WUOMFM

documentary

Very few people have experienced life on Antarctica, but a Michigan-born film director spent a year on the continent. On today's show: a conversation about his new film No Horizon Anymore: A Yearlong Journey to the South Pole.

And, we spoke to an astronomy professor from the University of Michigan about the history of UFOs in Michigan.

Also, is there a shortage of skilled workers in Michigan? Rick Haglund joined us to explain why there is no clear answer. 

First on the show, the primary election of 2013 is history. Now the focus shifts to the November general election.

For the two candidates who want to become Detroit's next mayor, it's time to take stock of the harsh realities facing the city and craft a clear campaign message that addresses those stark truths.

Stephen Henderson has been issuing that challenge from the pages of the Detroit Free Press throughout the campaign, and now that the two challengers have emerged from the primary, we wanted to get his thoughts.

Stephen Henderson, the Editorial Page Editor of the Detroit Free Press, joined us today.

Blogger

From growing up in Zeeland on Michigan's West Side to cooking for scientists at the South Pole, Keith Reimink has led a life that is, to say the least, fascinating.

Keith's job as a cook led him to spend a year at an Antarctic research center. He turned that experience into a documentary called "No Horizon Anymore."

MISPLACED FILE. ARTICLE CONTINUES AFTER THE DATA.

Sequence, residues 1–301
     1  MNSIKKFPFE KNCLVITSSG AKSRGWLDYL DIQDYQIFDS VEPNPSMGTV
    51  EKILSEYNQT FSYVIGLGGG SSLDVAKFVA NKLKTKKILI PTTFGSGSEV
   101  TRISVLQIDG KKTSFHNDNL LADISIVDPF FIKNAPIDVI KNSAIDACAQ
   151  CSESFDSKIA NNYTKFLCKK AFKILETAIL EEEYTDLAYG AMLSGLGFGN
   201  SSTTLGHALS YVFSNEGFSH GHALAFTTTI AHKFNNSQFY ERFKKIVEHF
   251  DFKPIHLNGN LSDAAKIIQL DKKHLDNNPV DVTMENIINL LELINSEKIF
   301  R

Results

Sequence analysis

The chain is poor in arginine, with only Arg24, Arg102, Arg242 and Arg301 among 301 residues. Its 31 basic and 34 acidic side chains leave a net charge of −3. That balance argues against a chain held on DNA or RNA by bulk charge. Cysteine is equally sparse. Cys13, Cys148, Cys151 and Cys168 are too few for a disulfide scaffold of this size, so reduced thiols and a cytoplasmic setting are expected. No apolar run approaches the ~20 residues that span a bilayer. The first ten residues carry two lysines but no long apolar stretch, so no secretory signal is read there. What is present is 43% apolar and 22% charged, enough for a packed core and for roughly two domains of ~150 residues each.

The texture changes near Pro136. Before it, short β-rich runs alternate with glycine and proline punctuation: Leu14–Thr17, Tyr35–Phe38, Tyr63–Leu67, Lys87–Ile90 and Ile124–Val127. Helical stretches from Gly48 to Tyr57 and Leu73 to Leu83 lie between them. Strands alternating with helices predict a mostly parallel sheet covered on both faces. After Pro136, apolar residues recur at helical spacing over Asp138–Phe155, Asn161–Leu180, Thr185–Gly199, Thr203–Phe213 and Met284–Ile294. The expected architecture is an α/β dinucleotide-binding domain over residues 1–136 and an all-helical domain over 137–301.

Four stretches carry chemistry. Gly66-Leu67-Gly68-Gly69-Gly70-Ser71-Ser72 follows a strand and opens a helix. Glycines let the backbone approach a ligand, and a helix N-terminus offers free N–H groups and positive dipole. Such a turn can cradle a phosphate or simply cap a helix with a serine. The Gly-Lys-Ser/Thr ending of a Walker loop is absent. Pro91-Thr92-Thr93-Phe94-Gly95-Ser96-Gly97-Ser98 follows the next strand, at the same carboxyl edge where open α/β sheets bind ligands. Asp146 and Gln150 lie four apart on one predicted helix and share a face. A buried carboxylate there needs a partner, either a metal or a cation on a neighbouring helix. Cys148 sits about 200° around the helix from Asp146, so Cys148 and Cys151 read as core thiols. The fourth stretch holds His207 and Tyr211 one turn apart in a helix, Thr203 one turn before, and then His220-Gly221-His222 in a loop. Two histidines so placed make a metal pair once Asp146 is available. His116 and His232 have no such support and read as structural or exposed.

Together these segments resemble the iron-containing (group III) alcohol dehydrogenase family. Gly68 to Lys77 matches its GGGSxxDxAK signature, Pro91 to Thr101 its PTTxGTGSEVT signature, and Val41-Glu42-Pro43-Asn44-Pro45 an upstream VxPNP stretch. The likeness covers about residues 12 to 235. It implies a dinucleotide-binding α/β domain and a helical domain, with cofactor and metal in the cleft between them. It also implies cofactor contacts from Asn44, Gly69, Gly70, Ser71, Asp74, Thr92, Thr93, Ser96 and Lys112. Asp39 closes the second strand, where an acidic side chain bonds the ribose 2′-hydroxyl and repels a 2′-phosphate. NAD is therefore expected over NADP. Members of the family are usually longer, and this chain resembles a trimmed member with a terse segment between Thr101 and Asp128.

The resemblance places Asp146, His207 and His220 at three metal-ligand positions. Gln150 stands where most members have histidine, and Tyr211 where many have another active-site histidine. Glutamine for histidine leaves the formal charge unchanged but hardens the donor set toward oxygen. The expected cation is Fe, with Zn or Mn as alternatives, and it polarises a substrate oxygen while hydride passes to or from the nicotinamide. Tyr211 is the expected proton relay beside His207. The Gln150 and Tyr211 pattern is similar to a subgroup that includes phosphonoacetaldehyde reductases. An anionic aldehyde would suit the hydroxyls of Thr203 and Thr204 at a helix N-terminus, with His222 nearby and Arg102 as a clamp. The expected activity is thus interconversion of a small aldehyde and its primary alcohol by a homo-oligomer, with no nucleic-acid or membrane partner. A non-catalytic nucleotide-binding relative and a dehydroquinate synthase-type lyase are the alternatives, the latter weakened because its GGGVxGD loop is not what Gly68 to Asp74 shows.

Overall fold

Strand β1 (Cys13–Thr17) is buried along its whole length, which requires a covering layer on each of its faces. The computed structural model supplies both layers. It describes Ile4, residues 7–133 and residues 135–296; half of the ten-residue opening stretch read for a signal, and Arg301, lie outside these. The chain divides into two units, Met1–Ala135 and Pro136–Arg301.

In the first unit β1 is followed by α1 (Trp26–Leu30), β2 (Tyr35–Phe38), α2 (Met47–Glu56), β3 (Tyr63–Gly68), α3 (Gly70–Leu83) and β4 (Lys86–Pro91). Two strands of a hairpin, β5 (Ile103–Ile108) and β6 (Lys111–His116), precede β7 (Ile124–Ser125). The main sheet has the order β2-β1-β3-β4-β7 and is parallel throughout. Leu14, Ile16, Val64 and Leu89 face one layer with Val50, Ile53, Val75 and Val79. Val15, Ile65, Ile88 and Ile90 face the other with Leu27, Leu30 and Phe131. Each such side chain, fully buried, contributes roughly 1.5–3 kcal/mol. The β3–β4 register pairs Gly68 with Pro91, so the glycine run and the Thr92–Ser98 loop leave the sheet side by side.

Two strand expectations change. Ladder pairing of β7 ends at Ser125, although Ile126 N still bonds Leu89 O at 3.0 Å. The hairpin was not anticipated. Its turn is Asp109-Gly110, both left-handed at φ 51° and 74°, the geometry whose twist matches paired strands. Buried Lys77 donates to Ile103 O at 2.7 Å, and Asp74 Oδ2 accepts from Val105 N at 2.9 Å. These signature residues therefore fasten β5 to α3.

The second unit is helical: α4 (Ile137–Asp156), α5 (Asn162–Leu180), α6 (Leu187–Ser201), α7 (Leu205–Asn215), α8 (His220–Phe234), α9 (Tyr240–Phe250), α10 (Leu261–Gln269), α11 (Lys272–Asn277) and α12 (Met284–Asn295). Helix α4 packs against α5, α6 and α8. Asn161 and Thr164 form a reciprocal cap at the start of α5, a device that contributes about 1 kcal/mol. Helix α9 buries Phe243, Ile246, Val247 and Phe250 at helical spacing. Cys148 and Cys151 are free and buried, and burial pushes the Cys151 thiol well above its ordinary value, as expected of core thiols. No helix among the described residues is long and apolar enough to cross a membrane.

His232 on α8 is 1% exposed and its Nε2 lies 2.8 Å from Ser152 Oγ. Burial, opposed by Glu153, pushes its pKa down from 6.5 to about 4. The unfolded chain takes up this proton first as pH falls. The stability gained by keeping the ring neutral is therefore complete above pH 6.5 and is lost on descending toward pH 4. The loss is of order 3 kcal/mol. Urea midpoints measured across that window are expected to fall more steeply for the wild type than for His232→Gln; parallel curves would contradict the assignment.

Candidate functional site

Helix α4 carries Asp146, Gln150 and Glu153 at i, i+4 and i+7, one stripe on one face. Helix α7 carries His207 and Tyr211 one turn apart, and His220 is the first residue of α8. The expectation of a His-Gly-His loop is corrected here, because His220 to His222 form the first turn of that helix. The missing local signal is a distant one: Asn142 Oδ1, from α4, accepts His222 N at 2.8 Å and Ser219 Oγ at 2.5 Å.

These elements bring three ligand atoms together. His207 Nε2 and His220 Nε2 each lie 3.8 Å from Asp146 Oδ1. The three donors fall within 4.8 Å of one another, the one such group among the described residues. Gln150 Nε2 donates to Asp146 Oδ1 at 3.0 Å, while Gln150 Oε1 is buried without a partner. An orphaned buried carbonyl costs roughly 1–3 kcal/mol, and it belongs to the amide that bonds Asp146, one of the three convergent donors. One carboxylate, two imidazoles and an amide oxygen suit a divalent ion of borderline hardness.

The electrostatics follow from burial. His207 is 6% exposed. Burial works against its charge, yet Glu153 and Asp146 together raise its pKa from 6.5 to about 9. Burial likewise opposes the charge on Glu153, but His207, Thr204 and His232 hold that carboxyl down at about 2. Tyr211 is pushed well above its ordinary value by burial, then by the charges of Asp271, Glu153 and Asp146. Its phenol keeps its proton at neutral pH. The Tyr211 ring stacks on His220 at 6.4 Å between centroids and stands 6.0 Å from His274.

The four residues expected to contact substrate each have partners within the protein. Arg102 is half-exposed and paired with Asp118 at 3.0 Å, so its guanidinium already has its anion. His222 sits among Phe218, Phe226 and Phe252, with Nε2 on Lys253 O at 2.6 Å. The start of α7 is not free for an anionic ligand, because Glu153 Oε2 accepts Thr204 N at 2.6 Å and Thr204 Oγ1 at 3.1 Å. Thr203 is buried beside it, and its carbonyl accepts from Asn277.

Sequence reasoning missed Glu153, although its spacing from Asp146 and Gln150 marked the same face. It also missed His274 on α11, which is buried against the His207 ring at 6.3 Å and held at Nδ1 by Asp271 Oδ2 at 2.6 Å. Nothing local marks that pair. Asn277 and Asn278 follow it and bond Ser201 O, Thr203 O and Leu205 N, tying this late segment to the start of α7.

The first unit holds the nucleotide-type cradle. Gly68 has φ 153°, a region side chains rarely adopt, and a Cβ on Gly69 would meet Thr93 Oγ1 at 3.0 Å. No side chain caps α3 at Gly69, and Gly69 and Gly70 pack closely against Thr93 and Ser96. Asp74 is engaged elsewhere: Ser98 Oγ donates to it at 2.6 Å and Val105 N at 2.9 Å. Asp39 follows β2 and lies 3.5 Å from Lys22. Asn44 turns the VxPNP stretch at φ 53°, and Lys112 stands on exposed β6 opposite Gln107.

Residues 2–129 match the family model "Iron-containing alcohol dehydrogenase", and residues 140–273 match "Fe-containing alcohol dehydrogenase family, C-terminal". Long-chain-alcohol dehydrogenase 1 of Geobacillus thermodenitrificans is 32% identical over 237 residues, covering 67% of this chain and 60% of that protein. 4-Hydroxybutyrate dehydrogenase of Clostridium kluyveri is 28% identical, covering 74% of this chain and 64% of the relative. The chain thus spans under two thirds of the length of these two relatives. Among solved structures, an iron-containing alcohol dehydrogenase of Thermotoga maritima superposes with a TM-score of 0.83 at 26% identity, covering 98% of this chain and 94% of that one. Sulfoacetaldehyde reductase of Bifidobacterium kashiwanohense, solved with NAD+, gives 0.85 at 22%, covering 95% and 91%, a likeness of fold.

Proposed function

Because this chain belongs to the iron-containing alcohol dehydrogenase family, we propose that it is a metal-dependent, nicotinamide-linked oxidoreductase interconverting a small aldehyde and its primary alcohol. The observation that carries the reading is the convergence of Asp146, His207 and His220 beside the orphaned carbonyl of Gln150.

Keith Reimink joined us today to talk about the experience.

Listen to the full interview above.

Boston Public Library / Flickr

Sadly, posting a photo or video from your smartphone onto Facebook or Twitter seems to have supplanted the good old postcard.

But there is a rich history to the American Picture Postcard and it centers on Detroit.

The "City That Put the World on Wheels" is also the city that turned out millions and millions of American postcards.

John Collier spent three decades as a photojournalist for the Detroit Free Press.

He is also a filmmaker who has turned his love of postcards into a documentary that’s called “My Postcard Collection: The Detroit Publishing Story: A History of the American Picture Postcard.”

John Collier joined us today in the studio.

For more information, go to http://www.mypostcardcollection.net/

Listen to the full interview above.

Twitter

In October 2010, the 3rd Battalion 5th Marines deployed to Afghanistan. They were sent to relieve the British Royal Marines in the southern Helmand Province, a hotbed of insurgent fighters and IEDs.

Twenty-five Marines in the 3rd Battalion 5th Marines did not come home.

One of those who did come home went on to become a student at Michigan State University. Former Marine sniper Logan Stark is now a senior in MSU's Professional Writing Program.

As a class project, Logan formed a three-member team that produced a documentary called "For the 25" dedicated to his fallen brothers in the "Dark Horse" battalion, which suffered the highest number of casualties in 2010 during Operation Enduring Freedom.

Logan Stark joined us in the studio today.

You can watch "For the 25" below.

Listen to the full interview above.

4exit4 / Vimeo

There’s been a lot of talk about changes in Detroit — who’s moving in, who’s moving out, who’s shaking things up.

But for all the clamor, there hasn’t been a lot of talk about one group in the city: women.

To get a look inside the lives of female Detroiters, check out "A Girl's Guide to Detroit," a mini-documentary by 4exit4 Productions.